Kellie Blake RDN, LD, IFNCP



for something nutrishus

Being an RD is a wonderful career.  RDs have the ability to make a huge impact on the health and quality of life of their clients.

As a full time psychiatric dietitian with a private practice/blog focused on functional nutrition and her own reversal of psoriatic arthritis and autoimmune disease, Kellie was eager to share more about her career. She is passionate about lifestyle change and stays busy helping others in various ways and in a variety of settings.

Why did you become a RD?

I have always been active, healthy, and very interested in the medical field.  I knew I wanted to be a part of the medical team, but being a doctor or nurse didn’t resonate.  Being a dietitian seemed to be a great way to be involved in the clinical aspect of healthcare, but also have the option to be an entrepreneur.   

What area of dietetics do you work in?

I am a full time psychiatric dietitian, but also have a private practice where I utilize functional nutrition to help clients prevent and reverse disease.  I am employed by my local hospice as well, helping patients and families make informed end of life nutrition decisions. 

How would you explain what you do?

I am an advocate for my patients, staff, family, and friends.  I spend much of my time encouraging healthy choices, teaching others the importance of lifestyle change and setting an example.

What are your ‘typical’ daily/weekly tasks?

On a typical day, I am completing nutrition assessments and teaching various nutrition classes for patients of all ages in my facility. I also lead the wellness committee and provide monthly wellness challenges for my staff.  I serve as a liaison between the nursing and foodservice departments.  When I’m not at the hospital, I am a mobile dietitian, meeting with personal clients to help them reach health and wellness goals.  I take some time each day to read and then share the latest nutrition news and I am active on social media.  I maintain the NutriSense Nutrition blog and frequently share recipes and green smoothie ideas. 

What has been your career path?

I started my career as a dietitian at the VA Medical Center and when my position changed to part-time status, another dietitian and I decided to create a nutrition consulting company, NutriSense Nutrition Consulting, LLC.  Through NutriSense, I have had the privilege to work in long-term care facilities, work with large corporations like American Electric Power, and also provide nutrition services for residential facilities. I gained valuable experience and knowledge in such varied environments. While working at the VAMC, I took a consulting position at a local psychiatric facility and learned that working with mental health clients was a passion for me.  While continuing my work in mental health, I continued to focus on being an RD in the acute care setting of local hospitals.  In 2016, I left the medical/surgical acute care hospital setting to become a full time psychiatric dietitian in an acute and long-term care setting.  I am also starting a new position on the editorial board of a publication where I will be writing monthly articles geared toward practitioners.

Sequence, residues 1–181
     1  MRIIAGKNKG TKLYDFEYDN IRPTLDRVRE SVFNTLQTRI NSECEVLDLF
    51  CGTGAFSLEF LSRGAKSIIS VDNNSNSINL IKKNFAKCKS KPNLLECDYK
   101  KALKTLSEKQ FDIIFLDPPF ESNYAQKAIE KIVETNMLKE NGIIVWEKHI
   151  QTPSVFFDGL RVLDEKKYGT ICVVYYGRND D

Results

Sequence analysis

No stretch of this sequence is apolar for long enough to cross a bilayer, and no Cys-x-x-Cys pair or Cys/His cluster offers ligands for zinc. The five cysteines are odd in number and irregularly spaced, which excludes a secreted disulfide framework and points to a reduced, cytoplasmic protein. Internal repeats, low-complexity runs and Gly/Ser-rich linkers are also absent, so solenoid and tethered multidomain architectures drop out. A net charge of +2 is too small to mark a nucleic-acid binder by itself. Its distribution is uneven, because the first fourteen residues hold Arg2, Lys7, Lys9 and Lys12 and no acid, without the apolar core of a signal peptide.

What advanced education or special training do you have?

In addition to being an RDN, LD, I am an Integrative and Functional Nutrition Certified Practitioner.

In an ideal world, what does the industry look like 5 years from now?

I would hope RDs would be the leaders in helping prevent and reverse disease.  The skills of the RD are often underutilized and overlooked in conventional medicine.  I am hopeful for a future where food is actually used as medicine, especially in our acute care hospitals and long-term care facilities.

What misinformation about RDs would you like to clear up?

We do not expect perfection.

What would you like people to know about RDs?

We are passionate about using food as medicine and truly desire a better quality of life for our clients.

What are challenges you encounter as a RD?

The biggest challenge I face is the disconnect between hospital foodservice and food as medicine.  I often feel powerless when it comes to the medical nutrition therapy (MNT) I recommend for an inpatient and the food that is actually provided to the patient.  There is also a delay in putting nutrition research into practice and it has hindered progress in general when it comes to using food as medicine.

What do people think that you do for a living?

Create menus.

What are you passionate about in dietetics?

I have reversed my own autoimmune disease with functional nutrition and I am blown away every day by the stories I read of people healing themselves with food and lifestyle change.

What makes RDs unique/different from other nutrition/wellness professionals?

RDs are able to actually translate the science of nutrition into practical application. 

What is your favourite meal?

My favorite meal would include Brussels sprouts (in any form), an oven baked potato, and a huge salad with roasted chickpeas, hemp seeds, and homemade dressing. 

What tip(s) would you give to our readers?

Being an RD is a wonderful career.  RDs have the ability to make a huge impact on the health and quality of life of their clients.

Anything else you’d like to add that you feel would be valuable:

Creating the career you love requires a lot of hard work, dedication, failure, and perseverance. 

More about Kellie:

Facebook: Kellie Blake

Facebook: NutriSense Nutrition Consulting, LLC

Instagram: @nutrisensenutrition

Thanks Kellie!